Appalling treatment of women has been justified through interpretation of Islamic holy texts by men and must be challenged. Women such as American Islamic Scholar, Amina Wadud are doing just that, however in order for these injustices to actually stop, controversies such as the ones detailed below, cannot escape public attention.
Just this week, gang rapists were given the luxury of being punished in a criminal court in Brunei well the 25 year –old widowed victim of this gang rape was brutally caned in the streets for “violating bisexual law,” after being caught with a married man in her house.
Just days after the Sultanate of Brunei became the first country in East Asia to enforce Shari’a law, one has to wonder what is lawful about the cruel punishment of publicly beating a widow while giving her eight gang rapists, one as young as 13, the comfort of a private court hearing.
With Brunei becoming the first country in South East Asia to implement Shari’a law, not all Muslims agree with the fundamentalist applications of Shari‘a being advocated through direct translation. In fact, Indonesian Islamic scholar Akmad Sahal stated that he believes, “Implementing Shari‘a that is understood literally tends to produce decisions that hurt human dignity, like violating human rights,” adding that women, the poor, and non Muslims suffer most. It is safe to say that in this instance, a grave violation of human rights occurred.
However, he is not the only one who believes that Islamic law does not have to be applied so literally, as other Islamic scholars are advocating flexible interpretations along with him. Amina Wadud, in particular, believes that the Qua’ran can actually be interpreted in a way that is central to creating social justice, including gender justice in the world.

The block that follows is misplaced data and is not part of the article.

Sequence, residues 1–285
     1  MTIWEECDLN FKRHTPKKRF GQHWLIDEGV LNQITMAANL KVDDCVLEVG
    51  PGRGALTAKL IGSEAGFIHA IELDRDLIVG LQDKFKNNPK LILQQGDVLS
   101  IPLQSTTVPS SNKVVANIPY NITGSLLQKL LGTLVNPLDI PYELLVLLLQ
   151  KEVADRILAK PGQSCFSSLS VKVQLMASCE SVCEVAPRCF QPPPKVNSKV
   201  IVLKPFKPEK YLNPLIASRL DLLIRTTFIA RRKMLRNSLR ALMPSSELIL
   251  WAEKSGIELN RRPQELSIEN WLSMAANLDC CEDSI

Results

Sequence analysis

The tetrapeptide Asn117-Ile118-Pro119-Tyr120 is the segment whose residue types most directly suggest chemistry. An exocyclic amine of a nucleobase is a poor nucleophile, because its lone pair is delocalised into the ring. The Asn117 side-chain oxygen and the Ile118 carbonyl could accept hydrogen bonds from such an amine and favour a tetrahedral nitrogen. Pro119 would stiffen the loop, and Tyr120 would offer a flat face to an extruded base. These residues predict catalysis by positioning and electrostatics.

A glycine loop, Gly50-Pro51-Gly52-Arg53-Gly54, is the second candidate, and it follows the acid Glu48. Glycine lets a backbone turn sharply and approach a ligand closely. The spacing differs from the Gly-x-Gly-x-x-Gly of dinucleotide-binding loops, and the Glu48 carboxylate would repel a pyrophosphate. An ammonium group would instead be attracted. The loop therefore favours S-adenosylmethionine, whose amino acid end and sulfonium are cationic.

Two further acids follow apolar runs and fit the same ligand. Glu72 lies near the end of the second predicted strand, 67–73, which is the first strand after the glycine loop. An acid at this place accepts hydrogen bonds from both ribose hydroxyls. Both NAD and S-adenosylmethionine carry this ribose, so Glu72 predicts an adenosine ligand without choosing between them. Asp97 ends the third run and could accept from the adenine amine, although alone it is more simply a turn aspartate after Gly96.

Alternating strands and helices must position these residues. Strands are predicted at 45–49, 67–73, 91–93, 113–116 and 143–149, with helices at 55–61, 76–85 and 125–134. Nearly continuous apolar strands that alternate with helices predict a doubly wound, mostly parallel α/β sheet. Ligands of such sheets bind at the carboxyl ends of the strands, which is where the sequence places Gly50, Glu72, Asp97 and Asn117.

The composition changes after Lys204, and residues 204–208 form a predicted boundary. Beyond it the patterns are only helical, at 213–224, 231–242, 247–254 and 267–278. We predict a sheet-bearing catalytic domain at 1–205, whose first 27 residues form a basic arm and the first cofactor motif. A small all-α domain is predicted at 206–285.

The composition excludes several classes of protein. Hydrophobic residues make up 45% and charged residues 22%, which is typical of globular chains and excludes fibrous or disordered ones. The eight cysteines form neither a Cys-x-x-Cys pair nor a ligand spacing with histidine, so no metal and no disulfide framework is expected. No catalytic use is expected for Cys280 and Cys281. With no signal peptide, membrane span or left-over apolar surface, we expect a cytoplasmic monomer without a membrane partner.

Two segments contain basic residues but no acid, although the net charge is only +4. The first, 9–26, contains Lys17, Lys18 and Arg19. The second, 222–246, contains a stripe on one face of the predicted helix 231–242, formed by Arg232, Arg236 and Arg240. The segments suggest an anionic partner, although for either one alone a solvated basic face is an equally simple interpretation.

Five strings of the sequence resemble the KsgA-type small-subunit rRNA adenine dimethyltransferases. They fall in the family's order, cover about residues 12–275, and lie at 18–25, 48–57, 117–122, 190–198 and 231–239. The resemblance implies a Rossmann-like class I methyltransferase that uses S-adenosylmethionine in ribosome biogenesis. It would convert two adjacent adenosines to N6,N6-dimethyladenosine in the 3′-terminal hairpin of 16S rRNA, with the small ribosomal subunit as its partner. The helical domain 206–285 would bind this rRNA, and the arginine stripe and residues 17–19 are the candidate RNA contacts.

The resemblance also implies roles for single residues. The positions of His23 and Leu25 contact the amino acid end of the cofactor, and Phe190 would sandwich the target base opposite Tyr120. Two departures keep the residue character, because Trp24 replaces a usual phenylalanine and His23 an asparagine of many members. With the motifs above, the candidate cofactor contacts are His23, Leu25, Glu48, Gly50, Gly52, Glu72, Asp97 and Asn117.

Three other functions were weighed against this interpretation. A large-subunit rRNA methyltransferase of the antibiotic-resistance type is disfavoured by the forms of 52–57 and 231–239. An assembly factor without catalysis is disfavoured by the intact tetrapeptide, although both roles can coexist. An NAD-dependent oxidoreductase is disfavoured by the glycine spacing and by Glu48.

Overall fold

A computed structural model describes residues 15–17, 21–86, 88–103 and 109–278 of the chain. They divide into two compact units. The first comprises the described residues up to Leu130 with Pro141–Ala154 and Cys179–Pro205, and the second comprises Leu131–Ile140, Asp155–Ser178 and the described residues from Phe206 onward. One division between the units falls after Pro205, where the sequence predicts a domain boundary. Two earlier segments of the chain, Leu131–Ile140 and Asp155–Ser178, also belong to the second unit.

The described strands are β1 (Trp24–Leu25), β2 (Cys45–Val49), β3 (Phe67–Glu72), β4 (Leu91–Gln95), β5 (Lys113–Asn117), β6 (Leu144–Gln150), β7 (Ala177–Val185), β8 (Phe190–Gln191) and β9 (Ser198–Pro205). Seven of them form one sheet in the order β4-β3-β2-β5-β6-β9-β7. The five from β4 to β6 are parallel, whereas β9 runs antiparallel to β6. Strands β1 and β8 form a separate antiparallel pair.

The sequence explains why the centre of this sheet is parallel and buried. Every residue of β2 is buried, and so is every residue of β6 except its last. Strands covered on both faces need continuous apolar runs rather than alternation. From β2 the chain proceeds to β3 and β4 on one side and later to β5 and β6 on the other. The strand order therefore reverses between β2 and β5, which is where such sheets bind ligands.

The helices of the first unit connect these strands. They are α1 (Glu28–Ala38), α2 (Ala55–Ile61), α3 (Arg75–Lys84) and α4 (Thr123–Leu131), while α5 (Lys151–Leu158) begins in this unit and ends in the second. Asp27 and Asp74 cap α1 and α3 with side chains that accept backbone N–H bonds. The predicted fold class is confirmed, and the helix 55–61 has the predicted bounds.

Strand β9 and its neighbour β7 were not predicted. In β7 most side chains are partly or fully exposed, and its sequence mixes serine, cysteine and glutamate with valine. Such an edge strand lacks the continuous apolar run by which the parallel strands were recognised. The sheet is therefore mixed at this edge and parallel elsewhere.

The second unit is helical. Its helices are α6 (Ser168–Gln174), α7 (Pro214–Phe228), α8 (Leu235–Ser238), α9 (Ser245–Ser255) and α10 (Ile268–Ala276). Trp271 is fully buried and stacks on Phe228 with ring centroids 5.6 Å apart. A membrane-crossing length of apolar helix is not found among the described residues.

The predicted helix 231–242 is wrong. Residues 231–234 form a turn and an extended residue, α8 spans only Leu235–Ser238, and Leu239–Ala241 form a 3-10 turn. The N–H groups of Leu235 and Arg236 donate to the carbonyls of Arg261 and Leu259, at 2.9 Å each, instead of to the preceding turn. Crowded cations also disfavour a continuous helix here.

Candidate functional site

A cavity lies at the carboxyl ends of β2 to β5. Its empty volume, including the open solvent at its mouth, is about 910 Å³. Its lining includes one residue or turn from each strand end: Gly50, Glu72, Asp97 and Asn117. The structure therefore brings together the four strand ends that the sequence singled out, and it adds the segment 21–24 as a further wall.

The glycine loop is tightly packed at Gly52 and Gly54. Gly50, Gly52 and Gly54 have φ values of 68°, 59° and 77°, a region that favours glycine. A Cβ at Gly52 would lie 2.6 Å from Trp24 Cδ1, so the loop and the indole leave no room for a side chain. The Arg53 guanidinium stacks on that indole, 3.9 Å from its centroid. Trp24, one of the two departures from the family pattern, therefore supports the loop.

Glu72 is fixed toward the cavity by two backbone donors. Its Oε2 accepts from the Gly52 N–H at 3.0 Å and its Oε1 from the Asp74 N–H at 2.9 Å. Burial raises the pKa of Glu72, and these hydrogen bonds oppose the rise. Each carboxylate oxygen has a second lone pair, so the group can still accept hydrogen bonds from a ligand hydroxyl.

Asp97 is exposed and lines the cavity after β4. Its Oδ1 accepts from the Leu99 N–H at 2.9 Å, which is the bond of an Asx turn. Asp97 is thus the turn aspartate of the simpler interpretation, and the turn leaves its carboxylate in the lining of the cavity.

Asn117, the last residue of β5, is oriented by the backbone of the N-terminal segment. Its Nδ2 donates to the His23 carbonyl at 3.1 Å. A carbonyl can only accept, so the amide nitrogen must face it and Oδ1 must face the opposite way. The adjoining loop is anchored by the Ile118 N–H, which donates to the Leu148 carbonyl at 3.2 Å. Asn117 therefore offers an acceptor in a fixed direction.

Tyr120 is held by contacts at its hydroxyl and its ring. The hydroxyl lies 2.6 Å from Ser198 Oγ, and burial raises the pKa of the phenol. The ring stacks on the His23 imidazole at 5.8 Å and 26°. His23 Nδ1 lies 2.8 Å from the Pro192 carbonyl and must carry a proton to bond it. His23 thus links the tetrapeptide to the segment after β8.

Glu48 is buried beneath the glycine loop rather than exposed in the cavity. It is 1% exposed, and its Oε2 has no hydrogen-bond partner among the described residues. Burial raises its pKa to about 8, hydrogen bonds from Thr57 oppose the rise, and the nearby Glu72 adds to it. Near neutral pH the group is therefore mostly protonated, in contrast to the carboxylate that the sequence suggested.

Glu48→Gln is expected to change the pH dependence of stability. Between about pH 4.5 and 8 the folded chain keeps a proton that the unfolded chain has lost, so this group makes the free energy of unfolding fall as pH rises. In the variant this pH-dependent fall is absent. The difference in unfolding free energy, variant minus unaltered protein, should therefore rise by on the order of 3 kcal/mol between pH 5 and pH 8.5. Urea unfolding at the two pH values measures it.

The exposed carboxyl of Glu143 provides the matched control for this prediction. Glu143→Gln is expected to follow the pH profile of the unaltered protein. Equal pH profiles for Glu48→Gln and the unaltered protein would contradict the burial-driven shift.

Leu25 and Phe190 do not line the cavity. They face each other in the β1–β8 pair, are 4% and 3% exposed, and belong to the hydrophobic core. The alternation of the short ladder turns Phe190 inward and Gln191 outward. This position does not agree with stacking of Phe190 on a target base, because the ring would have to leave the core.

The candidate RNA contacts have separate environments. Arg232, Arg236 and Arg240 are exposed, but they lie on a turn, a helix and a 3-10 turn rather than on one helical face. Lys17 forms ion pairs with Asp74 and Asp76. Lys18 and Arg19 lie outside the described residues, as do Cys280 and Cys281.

In her work, she uses hermeneutics to construct a framework around the Qur’an thatraises interesting questions about the relationship of gender to Islam. Her incorporation into the scholarly conversation on Islam is crucial to the further inclusion of women’s experiences and interpretations, as it helps to build a strong platform that works toward a more egalitarian relationship between men and women.
Wadud expresses these beliefs in her work Gender Jihad, claiming that the double standards present in Muslim society keep inequality central to the system and contribute to the appalling treatment of women. In her piece she attempts to reconstruct an understanding of where this lack of agency for women comes from and what keeps it pervasive in Muslim society. Wadud deconstructs the holy texts with a focus on how when dominant interpretations are integrated into a patriarchal setting, such as that of the modern Muslim family, women become oppressed.
Sacrificial obligations are one of the key aspects of the oppression of Muslim women. Taking on so many sacrifices, women must perform “taqwa” or “moral character based in personal and social practice that reflect moral self-constraint and self-sacrifice.” Wadud makes clear how these sacrifices by women combined with the lack of autonomy inherent in the shari’ah for women, creates a divide in which women must develop personal interests that encourage the performance of taqwa in the raising of girls. This means that rather than fully exploring the range of their ambitions for personal development, girls must only pursue those that breed family development.